Triple Killing Case: UK police fails to conduct toxicology tests on Calocane, but tested his victims instead

Triple Killing Case: UK police fails to conduct toxicology tests on Calocane, but tested his victims instead

Recent revelations surrounding the case of triple killer Valdo Calocane have raised questions about the thoroughness of the police investigation.

Calocane, a 32-year-old paranoid schizophrenic, was recently subjected to an indefinite secure hospital order after admitting to manslaughter for the brutal stabbings that claimed the lives of students Grace O’Malley Kumar and Barnaby Webber, both 19, and school caretaker Ian Coates, 65, in Nottingham on June 13 last year.

However, a report now alleges that police failed to conduct comprehensive toxicology tests on Calocane, potentially impacting the severity of his sentence.

Missed Opportunities in Evidence Collection

It has been reported that Calocane, refusing to provide blood and urine samples, was not subjected to certain toxicology tests that could have revealed the presence of drugs or alcohol in his system.

The absence of such evidence may have influenced the sentencing outcome for the killings.

Notably, the families of the victims have expressed distress upon learning that toxicology samples were taken from the bodies of the deceased.

The potential presence of drugs or alcohol in their systems could have provided a legal defense of self-defense for the perpetrator.

Independent Review Ordered by Attorney General

In response to these revelations, the Attorney General has initiated an independent review of the Crown Prosecution Service’s (CPS) decision to accept Calocane’s guilty pleas to manslaughter by reason of diminished responsibility.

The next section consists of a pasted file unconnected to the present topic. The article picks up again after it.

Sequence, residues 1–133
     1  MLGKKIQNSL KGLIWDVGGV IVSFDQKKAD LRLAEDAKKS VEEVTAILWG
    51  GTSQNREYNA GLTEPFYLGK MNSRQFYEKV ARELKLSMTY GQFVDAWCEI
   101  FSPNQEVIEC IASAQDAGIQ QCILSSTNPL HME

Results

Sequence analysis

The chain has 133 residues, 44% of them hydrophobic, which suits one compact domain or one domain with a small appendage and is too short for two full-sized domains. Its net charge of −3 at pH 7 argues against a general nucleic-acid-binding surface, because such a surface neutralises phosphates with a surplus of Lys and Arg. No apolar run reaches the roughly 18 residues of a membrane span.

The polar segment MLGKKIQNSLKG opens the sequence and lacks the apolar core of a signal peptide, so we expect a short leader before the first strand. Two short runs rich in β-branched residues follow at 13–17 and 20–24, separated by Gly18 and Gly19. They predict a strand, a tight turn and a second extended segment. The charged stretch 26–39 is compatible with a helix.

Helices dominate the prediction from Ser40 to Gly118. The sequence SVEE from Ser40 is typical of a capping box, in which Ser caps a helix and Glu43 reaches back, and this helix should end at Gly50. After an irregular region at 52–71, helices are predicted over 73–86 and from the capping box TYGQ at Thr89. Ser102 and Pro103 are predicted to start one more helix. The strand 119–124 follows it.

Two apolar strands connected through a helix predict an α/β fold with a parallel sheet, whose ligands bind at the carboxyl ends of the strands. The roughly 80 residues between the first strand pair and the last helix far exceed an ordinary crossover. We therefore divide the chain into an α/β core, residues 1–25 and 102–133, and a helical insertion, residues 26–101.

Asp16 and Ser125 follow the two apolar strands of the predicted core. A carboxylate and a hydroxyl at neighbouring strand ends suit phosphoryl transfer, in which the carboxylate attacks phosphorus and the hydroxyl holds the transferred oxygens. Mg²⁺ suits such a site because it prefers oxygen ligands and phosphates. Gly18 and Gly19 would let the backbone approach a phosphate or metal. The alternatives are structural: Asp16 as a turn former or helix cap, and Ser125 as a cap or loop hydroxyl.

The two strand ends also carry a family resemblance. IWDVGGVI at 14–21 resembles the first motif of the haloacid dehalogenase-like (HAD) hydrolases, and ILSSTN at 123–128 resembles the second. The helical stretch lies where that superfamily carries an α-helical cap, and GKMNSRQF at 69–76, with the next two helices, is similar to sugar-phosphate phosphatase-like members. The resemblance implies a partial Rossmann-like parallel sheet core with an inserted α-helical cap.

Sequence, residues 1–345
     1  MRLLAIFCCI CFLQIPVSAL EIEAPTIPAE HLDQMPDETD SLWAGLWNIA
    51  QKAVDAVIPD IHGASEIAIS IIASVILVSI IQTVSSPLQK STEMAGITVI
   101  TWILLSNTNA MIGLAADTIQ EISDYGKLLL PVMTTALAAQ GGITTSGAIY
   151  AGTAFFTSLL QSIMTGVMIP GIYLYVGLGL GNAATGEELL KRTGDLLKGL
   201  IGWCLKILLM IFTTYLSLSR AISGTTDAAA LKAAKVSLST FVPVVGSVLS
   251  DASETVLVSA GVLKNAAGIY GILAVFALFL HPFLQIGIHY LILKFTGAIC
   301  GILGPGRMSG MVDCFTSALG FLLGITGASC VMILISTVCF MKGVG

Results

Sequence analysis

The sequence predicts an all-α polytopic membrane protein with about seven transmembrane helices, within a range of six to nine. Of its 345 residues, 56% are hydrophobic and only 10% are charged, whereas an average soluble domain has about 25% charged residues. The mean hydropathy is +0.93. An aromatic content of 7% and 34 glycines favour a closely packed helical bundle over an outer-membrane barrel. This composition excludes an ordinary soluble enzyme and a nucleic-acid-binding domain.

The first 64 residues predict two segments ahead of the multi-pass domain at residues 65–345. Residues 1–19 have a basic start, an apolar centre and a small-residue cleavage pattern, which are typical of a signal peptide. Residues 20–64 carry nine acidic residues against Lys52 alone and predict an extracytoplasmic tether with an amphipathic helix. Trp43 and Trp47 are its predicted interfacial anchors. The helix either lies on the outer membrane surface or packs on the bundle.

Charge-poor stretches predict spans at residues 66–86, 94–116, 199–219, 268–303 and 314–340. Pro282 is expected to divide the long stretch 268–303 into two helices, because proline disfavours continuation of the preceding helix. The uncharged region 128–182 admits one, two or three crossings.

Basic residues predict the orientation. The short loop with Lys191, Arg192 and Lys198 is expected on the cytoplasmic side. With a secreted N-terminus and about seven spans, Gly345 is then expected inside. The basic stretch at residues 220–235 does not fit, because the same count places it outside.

The review will likely scrutinize the police’s handling of evidence, especially the lack of toxicology tests on the perpetrator.

The CPS’s decision to accept Calocane’s plea has sparked controversy, with concerns raised about the adequacy of the investigation and potential missed opportunities for intervention.

Sentencing Council Guidelines and Legal Ramifications

The Sentencing Council’s guidelines for manslaughter by diminished responsibility, the charge to which Calocane pleaded guilty, emphasize considering the culpability of the offender’s actions or omissions contributing to the seriousness of the mental disorder at the time of the offense.

If an offender’s voluntary abuse of drugs or alcohol exacerbates the mental disorder, it may increase their responsibility. In cases where responsibility is deemed high, a life sentence with a minimum of 40 years in custody can be imposed.

Families Seek Answers and Further Review

The families of the victims, grappling with the shocking turn of events, are seeking answers regarding missed opportunities to intervene and prevent the horrific crimes.

Grace’s father, Dr. Sanjoy Kumar, expressed concerns about the lack of toxicology and contemporaneous mental health assessments, suggesting that further review is necessary.

Nottinghamshire Police, in response to inquiries, indicated that comments would be withheld until the review is conducted and its findings reported.

The case underscores the critical importance of thorough and meticulous investigations to ensure justice and public confidence in legal proceedings.